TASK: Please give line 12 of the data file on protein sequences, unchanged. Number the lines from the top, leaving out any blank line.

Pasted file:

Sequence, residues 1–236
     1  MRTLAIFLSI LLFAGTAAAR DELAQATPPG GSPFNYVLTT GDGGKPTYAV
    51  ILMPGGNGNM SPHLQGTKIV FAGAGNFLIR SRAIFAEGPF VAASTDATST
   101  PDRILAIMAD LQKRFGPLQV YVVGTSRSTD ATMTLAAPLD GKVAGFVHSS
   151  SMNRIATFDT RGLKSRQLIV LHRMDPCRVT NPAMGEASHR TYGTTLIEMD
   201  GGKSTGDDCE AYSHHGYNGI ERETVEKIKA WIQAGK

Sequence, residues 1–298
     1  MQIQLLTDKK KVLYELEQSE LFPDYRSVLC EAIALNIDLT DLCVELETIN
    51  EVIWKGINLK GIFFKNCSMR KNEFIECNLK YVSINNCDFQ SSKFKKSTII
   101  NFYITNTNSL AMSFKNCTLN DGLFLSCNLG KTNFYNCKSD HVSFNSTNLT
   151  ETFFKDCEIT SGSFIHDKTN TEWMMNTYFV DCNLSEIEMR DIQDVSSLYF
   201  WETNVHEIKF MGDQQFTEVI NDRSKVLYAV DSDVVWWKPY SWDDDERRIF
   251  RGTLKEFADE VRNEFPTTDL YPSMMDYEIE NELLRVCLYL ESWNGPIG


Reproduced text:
   201  WETNVHEIKF MGDQQFTEVI NDRSKVLYAV DSDVVWWKPY SWDDDERRIF